Is It Time for a Personalization Makeover?

Consumers find a wide variety of sites that use personalization and customization. So many, in fact, that they now expect the sites they visit to use this technology which means they are disappointed when they don’t find these features. It’s time to look around and experience the web as your audience does so you’ll know what they’re accustomed to. Then consider enhancing your site with some of these loyalty-building techniques.

As expectations about web site capabilities rise, there is a greater likelihood that last year’s popular and successful web site can quickly lose audience to others that have added easy-to-use, interactive customization and personalization features.

To see how easy customization can be, take a look at the My Design section at, where you can point-and-click your way to creating a custom “friend of Barbie” from choosing hair and eye color to naming her and assigning her personality characteristics. You can buy the doll you’ve created, or you can save her profile and change it later! Then, mass customization techniques are used to produce and ship the doll.

As consumers experience this level of customization more frequently, they begin to assume that since the technology is available, all sites should be able to offer this convenience.

Now is a good time to review the interactive features of your site to see if it’s time for a personalization makeover. The first step is to do a self-assessment to see how your site stacks up compared to not only your competitors’, but also to popular sites that your audience is likely to visit:

Review popular sites: How does your site compare to the ones on the Media Metrix top 500 for use of interactivity, customization, and personalization? These are the sites your audience sees, and the sites that set your visitors’ expectation level when they come to your site.

Study competitors’ sites: What are the special interactive features of your competitors’ web sites? Which of those features truly enhance the experience?

Analyze your audience: What interactive or personalized features can really help your audience have a better experience and make them more comfortable buying from you?

Survey advisors: How does your advisory group of valued customers or audience members feel about the enhanced features you are considering? These are the people who have used your web site and are best equipped to give you an outsider’s opinion.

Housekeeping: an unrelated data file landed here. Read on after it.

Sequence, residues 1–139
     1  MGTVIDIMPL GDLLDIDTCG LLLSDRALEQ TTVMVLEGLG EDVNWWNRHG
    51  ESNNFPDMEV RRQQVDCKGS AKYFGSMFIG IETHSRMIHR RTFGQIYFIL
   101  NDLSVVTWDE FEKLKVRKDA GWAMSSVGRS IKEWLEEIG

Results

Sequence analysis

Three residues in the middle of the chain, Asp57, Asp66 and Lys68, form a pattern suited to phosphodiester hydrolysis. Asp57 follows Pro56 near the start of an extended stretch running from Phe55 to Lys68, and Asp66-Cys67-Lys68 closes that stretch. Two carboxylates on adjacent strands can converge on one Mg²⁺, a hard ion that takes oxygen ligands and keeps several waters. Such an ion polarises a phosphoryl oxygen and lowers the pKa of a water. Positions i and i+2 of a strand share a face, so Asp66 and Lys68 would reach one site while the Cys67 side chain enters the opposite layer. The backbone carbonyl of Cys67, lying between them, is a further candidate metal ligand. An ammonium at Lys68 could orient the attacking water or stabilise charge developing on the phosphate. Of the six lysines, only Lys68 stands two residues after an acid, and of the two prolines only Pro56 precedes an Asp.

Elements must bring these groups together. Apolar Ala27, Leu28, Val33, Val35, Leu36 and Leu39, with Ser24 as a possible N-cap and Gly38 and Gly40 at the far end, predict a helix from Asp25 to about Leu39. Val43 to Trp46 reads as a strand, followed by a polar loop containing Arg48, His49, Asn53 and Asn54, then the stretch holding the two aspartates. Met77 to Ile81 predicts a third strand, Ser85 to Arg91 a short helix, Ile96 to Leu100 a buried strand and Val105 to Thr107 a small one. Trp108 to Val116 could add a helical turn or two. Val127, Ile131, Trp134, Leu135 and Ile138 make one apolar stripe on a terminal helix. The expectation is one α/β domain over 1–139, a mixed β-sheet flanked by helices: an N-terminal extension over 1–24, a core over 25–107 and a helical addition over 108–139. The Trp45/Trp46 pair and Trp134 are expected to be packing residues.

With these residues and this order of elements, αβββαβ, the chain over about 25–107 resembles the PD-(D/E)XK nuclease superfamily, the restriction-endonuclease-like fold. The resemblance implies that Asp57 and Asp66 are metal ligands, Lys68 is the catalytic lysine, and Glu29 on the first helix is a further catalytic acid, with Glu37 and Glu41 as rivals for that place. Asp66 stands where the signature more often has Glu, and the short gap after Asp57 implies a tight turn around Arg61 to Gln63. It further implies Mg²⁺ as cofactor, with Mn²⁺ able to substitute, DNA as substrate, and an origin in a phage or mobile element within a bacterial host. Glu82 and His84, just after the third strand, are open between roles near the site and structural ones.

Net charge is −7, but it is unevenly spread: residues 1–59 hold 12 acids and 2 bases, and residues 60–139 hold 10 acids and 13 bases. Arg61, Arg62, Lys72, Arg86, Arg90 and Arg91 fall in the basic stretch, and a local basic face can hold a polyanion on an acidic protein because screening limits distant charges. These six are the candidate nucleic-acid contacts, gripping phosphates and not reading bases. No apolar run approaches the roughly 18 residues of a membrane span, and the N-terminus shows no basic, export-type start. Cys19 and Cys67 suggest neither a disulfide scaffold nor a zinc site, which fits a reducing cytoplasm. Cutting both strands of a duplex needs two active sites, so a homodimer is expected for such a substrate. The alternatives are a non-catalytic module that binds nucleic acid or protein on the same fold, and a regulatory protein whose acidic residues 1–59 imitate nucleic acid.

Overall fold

Once you have decided which features to add to your site, do a “make vs. buy” analysis to determine which features your team should develop in-house and which should be purchased or outsourced. Many sites link to vendor sites to add shopping carts and discussion forums. That trend continues as sites link to vendors who supply syndicated content, personalized email newsletters, calendars, and a variety of other interactive features.

Since the personalization supplied by outside vendors normally requires profile data, it’s important to make sure you can obtain the data they collect on your behalf. Some of these services store data using one-way encryption, which means it cannot be decrypted and exported in a form you can use. So be sure to include your technical team when evaluating new technology provided by an outside vendor.

It’s always hard to project the ROI of investments like this, so look for ways to link to outside services that will enhance your site. But make sure there is a migration path for those features you may want to bring in-house in the future.

Keeping a site fresh with appropriate interactivity can help your audience anticipate a great web experience when they decide to visit your site.

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